Mark Pitchforth, archivist
Hampshire Record Office
If you read the previous Community archives blog you will know that last week I visited Liphook Heritage Centre for the official launch of their First World War centenary and D-Day 70th anniversary exhibitions. The evening was a great success, well attended by enthusiastic local people with two great displays to enjoy to mark two important moments in history and highlight the local impact they had. Also on show was artwork produced by pupils from Bohunt School and Liphook Junior school who had completed a project based on the presence of the Canadian Expeditionary Forces at Bramshott Camp during the First World War. Several pupils collected awards for their work on the night but all contributions added to the impressive display. The project as a whole was made possible in part thanks to a Hampshire County Council grant and the Record Office contributed with advice, information and through our archive collections.
The two free exhibitions are now open to the public (More details: http://www.liphookheritage.org.uk/events).
Mark Pitchforth, archivist
Hampshire Record Office
Working in conjunction with Hampshire Museums Service, today we welcomed to the Record Office members of the Alton’s Invasion project team. The project aim is to investigate the experiences of Altonians during the First World War particularly in relation to the Scottish regiments billeted in the town at the start of the conflict. During their visit the group enjoyed a short talk on Record Office services, facilities and collections, a tour of the building and a small exhibition of related archive sources. It will be interesting to see how they make use of our collections in their research and the eventual results of the project.
Also this week I will be visiting Liphook Heritage Centre for the official launch of their World War 1 and D-Day exhibitions. The displays were made possible in part thanks to a Hampshire County Council grant and the Record Office has contributed to the project with advice, information and through our archive collections. Liphook Heritage Centre is a group which we have worked with extensively over several years and a large number of their volunteers have attended our Archive Ambassador training days. I look forward to seeing what they have produced, during what I’m sure will be an enjoyable and informative evening. The two exhibitions will be open to the public from Wednesday 9 July (More details: http://www.liphookheritage.org.uk/events).
Finally don’t forget Hampshire Archives and Local Studies and Wessex Film and Sound Archive have been invited to take part in the Portsmouth History Fair at Portsmouth Central Library, Guildhall Square this Saturday (12 July). Hope to see you there.
Mark Pitchforth, Archivist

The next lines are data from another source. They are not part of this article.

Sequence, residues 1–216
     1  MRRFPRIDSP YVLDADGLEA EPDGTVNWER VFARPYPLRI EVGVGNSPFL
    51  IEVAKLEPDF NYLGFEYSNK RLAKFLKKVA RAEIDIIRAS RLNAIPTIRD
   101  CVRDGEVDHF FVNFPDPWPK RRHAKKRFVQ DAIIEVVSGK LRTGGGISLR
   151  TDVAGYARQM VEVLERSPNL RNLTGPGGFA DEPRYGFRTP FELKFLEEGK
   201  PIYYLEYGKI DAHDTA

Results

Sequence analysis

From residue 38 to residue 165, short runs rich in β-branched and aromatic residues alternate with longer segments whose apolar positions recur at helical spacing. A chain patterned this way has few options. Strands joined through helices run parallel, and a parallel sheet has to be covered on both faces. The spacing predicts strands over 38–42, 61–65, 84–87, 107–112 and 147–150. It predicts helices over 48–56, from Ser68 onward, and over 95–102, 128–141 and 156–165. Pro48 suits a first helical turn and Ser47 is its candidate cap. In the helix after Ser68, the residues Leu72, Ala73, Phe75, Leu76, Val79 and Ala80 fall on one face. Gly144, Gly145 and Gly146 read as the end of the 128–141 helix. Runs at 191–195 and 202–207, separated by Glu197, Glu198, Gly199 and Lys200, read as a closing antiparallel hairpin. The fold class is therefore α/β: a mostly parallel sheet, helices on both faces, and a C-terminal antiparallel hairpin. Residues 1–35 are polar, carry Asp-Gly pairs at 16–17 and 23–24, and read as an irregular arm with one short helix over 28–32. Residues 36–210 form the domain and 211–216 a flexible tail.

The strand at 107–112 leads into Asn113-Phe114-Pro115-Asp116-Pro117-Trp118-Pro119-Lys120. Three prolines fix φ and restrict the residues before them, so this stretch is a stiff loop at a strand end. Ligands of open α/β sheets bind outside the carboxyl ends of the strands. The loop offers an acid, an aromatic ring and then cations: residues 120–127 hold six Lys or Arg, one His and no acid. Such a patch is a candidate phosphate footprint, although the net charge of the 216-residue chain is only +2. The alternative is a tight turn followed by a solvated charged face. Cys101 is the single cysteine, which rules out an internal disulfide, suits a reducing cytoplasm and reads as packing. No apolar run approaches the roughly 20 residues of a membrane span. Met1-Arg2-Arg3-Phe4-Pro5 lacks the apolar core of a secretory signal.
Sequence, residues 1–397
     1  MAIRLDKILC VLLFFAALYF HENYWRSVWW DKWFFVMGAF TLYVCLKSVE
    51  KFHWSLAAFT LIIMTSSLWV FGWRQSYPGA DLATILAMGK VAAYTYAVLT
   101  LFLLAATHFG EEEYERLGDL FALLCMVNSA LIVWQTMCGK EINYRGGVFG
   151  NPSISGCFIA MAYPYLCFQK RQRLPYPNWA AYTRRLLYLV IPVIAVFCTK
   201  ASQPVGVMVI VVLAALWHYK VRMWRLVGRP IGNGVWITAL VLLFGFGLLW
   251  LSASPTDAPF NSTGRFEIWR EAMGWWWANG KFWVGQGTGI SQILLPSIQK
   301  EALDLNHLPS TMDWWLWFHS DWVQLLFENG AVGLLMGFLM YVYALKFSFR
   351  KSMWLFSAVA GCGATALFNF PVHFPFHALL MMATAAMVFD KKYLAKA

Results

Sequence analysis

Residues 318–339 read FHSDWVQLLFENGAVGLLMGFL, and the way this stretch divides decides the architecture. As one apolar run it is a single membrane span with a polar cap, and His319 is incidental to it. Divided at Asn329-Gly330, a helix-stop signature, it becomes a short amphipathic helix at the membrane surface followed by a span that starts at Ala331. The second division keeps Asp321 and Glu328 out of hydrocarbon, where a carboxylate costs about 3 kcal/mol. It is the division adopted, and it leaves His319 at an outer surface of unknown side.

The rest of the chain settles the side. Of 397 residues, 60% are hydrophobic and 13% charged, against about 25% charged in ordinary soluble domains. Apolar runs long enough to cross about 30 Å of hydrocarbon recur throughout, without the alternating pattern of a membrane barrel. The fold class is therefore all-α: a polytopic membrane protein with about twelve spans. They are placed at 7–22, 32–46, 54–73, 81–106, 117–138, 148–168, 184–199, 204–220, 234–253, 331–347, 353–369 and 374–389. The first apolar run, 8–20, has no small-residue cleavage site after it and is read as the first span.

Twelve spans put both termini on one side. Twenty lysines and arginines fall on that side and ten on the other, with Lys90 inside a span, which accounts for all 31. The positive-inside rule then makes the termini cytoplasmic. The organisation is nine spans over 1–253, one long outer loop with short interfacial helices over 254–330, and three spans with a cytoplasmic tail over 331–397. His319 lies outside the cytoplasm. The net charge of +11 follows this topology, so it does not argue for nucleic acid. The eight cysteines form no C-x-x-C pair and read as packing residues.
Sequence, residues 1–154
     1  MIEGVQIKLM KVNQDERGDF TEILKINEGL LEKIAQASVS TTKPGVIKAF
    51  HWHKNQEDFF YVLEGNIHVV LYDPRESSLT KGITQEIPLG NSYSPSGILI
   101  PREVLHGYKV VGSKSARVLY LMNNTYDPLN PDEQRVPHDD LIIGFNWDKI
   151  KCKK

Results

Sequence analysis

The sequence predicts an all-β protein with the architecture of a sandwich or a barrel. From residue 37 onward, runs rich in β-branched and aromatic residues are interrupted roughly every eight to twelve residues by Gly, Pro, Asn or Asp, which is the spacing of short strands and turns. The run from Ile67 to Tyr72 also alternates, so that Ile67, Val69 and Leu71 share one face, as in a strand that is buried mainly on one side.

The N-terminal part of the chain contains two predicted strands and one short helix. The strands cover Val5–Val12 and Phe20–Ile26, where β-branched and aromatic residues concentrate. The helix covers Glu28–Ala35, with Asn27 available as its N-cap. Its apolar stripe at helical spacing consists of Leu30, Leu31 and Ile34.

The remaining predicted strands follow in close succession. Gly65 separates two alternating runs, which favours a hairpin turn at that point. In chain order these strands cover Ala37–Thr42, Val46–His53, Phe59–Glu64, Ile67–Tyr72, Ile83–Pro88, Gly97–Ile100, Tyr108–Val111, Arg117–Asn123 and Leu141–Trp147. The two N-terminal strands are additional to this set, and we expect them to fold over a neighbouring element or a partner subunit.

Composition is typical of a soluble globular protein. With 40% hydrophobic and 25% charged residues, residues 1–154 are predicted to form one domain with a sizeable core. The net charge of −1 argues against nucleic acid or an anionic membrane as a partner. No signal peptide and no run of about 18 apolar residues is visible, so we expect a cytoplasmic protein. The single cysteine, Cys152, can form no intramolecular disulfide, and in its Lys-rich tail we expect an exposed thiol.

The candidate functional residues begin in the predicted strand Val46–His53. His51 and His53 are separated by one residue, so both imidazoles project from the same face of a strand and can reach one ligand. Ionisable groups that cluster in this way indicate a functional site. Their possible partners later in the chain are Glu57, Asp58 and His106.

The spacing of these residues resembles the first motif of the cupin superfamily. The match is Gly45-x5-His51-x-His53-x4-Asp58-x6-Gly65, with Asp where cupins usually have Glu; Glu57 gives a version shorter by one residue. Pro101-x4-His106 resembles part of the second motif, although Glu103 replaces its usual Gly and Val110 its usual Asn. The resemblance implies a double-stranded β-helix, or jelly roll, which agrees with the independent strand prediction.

Hampshire Record Office
Hampshire Archives and Local Studies and Wessex Film and Sound Archive have been invited to take part in the Portsmouth History Fair at Portsmouth Central Library, Guildhall Square, on Saturday 12 July from 10am-3pm. I will be attending to give advice and answer questions about local and family history research and promote Hampshire Record Office. I’ll have an exhibition with me including examples of archives from our collections and leaflets on our services and facilities. The event will feature film material relating to Portsmouth from the collections of Wessex Film and Sound Archive. Hope to see you there.
Also next month we have the return of our Archive Ambassador training days. For those unfamiliar with these events, they include sessions on cataloguing archive collections, the conservation and preservation of archives, digital archives and oral history recording. By signing up you also receive a handbook which includes further information on more specialist areas such as copyright issues, the preservation of film and sound archive material and exhibitions.
Our hope is that by training up individuals from across the county in the best practices of archival care not only will this help with specific projects that the individual might be working on such as caring for a village, society or personal archive collection but they can also act as an ambassador in their local community passing on this knowledge to others, encouraging people to deposit records with Hampshire Record Office if appropriate and making sure that any records kept locally are looked after appropriately to ensure their long term preservation.
The events have proved very popular and the July training day has been booked up for some time but two further dates have been put in place for later in the year, 10 September and 19 November, both Wednesdays and 10am-3.30pm. The programme for each day is identical including the following sessions:-
Keeping paper clips at bay: Effective but simple ways to help preserve collections. What are the main risks? How do we prevent these? What help is available?
Cataloguing collections: What are ‘archives’? How do we set up a collection? Practical tips and advice on how to organise and catalogue your material.
Going Live: Creating digital records and making collections e-accessible, session includes practical tips on how to get the best from your ‘scans’ and what type of formats to save your material on.
Oral History Recording: A beginners guide to the collection of oral history recordings.
To book a place on either of these training days contact us on 01962 846154. The charge is £18 per person.